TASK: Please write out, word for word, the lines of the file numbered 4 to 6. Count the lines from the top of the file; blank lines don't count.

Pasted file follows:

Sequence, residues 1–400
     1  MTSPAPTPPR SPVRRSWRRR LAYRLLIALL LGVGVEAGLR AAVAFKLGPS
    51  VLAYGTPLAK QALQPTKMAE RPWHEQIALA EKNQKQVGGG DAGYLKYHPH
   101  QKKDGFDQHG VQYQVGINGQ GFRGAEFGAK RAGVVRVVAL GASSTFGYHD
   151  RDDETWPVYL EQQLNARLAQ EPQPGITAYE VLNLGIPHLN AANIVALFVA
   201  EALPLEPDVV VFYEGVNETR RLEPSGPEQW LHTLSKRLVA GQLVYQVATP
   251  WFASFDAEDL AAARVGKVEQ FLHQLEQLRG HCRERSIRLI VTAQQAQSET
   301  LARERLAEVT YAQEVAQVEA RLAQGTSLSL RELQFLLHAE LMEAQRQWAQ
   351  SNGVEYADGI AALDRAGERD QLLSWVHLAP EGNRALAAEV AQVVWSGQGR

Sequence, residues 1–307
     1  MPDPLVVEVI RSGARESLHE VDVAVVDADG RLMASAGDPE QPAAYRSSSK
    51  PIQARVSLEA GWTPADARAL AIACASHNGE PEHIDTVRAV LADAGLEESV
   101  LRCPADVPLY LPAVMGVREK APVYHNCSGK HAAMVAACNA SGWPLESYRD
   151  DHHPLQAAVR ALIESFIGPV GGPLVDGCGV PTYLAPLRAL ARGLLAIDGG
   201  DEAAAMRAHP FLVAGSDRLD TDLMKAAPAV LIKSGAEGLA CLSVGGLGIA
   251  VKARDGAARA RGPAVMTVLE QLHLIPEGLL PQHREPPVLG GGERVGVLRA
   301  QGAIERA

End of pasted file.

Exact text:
   101  QKKDGFDQHG VQYQVGINGQ GFRGAEFGAK RAGVVRVVAL GASSTFGYHD
   151  RDDETWPVYL EQQLNARLAQ EPQPGITAYE VLNLGIPHLN AANIVALFVA
   201  EALPLEPDVV VFYEGVNETR RLEPSGPEQW LHTLSKRLVA GQLVYQVATP